Hearing on Procurement Consolidation

The House K-12 Education Budget Committee held a hearing today on HB 2148, a bill that would require all school districts to handle procurement of goods through a centralized service in the State Department of Administration. Generally, the Department looks at what items are to be purchased and then negotiates agreements with vendors to provide those items.

The Alvarez and Marsal Efficiency study suggested that this had the potential to save money on school expenditures, however, the study also suggested that a number of changes would need to be made in the Department to handle the additional work that would come from such consolidation.

There are other considerations to take into account. For example, local school districts seek to be good partners with the local community and often buy locally. Local businesses will often try to beat the price available through the state system. Central procurement could have the unintended consequence of harming local businesses.

Bipartisan Bill to Restore Teacher Due Process!

House Bill 2179 is not a committee bill. It is a sponsored bill meaning legislators sign on as co-sponsors and their names are listed on the bill.

House Bill 2179, which would restore the teacher due process law that was repealed at 4:00 am without ever having a hearing in 2014, has been introduced and co-sponsored by 45 Representatives: Crum, Stogsdill, Alcala, Arnberger, Ballard, Bishop, Burroughs, Carlin, Carmichael, Curtis, Deere, Elliott, Ellis, Finney, Frownfelter, Gartner, Good, Henderson, Highberger, Hodge, Holscher, Kessinger, Koesten, Kuether, Lusk, Lusker, Murnan, Neighbor, Ohaebosim, Ousley, Parker, Phelps, Pittman, Ruiz, Sawyer, A. Smith, Tarwater, Terrell, Trimmer, Victors, Ward, Weigel, Whipple, Winn and Wolfe Moore.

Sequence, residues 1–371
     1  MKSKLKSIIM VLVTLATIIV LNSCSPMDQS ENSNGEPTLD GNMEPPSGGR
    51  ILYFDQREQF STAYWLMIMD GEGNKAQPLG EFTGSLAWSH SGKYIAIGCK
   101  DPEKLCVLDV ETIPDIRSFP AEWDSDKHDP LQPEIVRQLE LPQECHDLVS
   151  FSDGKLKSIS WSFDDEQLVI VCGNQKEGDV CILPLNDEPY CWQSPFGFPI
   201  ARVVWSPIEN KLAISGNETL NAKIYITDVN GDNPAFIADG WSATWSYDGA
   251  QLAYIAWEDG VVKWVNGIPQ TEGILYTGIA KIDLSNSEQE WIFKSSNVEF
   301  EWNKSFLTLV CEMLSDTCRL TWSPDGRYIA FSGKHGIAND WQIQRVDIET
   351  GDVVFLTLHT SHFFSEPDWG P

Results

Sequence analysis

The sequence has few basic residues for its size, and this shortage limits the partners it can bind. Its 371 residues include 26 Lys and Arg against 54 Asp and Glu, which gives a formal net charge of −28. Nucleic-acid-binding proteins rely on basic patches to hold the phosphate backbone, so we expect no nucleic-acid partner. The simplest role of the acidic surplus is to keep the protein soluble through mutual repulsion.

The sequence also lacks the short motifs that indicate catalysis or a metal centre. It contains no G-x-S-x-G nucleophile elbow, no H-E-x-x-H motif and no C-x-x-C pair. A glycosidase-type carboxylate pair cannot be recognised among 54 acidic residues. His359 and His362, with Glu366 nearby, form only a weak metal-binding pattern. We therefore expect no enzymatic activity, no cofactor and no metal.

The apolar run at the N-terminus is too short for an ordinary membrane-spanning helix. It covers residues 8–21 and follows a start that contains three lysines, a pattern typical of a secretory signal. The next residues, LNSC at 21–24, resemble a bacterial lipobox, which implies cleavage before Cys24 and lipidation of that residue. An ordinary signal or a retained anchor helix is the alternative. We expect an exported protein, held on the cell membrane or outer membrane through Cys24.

Is your Representative on the list of co-sponsors? If yes, please take the time to send a message of thanks.

Now we wait for a hearing in the House Education Committee.

DeVos Nomination on the Razor’s Edge: Where’s Jerry Moran?

While Donald Trump’s nominee for Secretary of Education has been moved out of committee on a 12-11 vote, she is now subject to a vote of the full Senate for confirmation. Two Republican Senators, Susan Collins of Maine and Lisa Murkowski of Alaska, have announced that they will not support the DeVos nomination. Along with 48 Democrats, that puts the numbers at 50-50; breaking ties goes to the Vice President, Mike Pence.

That means we need more Republicans to put schools ahead of Trump’s agenda. We wonder where Jerry Moran will be when that vote takes place.

And that’s your job right now! Jerry Moran needs to know that DeVos is bad for Kansas schools. Call Moran’s office and tell him to put Kansas ahead of partisanship and vote NO on Betsy DeVos. Let Jerry Moran know that Betsy DeVos is bad for rural communities and wrong for special education!



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Take Action on Betsy DeVos Confirmation

Jan 27, 2017 by

It’s working. You’ve sent more than 800,000 emails to senators, and called their offices more than 32,000 times, demanding that they reject Betsy DeVos’ nomination to be secretary of education.

Now the Senate Education Committee has delayed their vote. Senators are being inundated with your emails and calls, and they’re looking more closely at DeVos’ clear and demonstrated lack of knowledge of public education, and at her concerning ethics disclosures.

If you haven’t taken action yet, now is the time. If you’ve already contacted your senators, it’s time to contact them again. Here’s the plan:

Step 1: Email your senators. Keep up the drumbeat that DeVos is completely unqualified to be put in charge of our nation’s schools.

Step 2: Call your senators at 1-855-882-6229. Make sure they feel the pressure in Washington and in their district offices.

Step 3: Share this post on Facebook. Spread the word that you don’t want DeVos to be confirmed, and ask your friends to contact their senators, too.